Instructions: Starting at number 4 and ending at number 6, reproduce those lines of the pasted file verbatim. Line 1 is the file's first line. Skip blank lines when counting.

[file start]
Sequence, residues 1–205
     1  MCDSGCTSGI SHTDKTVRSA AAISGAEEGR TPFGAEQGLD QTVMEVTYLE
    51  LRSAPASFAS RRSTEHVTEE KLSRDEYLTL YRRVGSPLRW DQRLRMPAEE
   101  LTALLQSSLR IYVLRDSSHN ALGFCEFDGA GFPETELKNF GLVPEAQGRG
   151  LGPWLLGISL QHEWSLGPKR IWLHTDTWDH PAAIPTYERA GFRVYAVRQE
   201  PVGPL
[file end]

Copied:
   101  LTALLQSSLR IYVLRDSSHN ALGFCEFDGA GFPETELKNF GLVPEAQGRG
   151  LGPWLLGISL QHEWSLGPKR IWLHTDTWDH PAAIPTYERA GFRVYAVRQE
   201  PVGPL